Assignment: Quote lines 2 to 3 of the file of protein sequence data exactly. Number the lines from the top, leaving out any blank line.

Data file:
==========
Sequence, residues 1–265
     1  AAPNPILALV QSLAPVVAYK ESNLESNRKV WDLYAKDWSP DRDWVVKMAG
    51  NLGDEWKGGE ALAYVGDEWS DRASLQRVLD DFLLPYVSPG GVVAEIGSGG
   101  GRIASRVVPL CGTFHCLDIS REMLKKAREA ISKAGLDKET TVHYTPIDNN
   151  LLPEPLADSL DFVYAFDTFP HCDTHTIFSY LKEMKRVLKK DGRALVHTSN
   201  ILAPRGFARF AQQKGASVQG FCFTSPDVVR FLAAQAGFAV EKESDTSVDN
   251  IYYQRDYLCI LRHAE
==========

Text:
     1  AAPNPILALV QSLAPVVAYK ESNLESNRKV WDLYAKDWSP DRDWVVKMAG
    51  NLGDEWKGGE ALAYVGDEWS DRASLQRVLD DFLLPYVSPG GVVAEIGSGG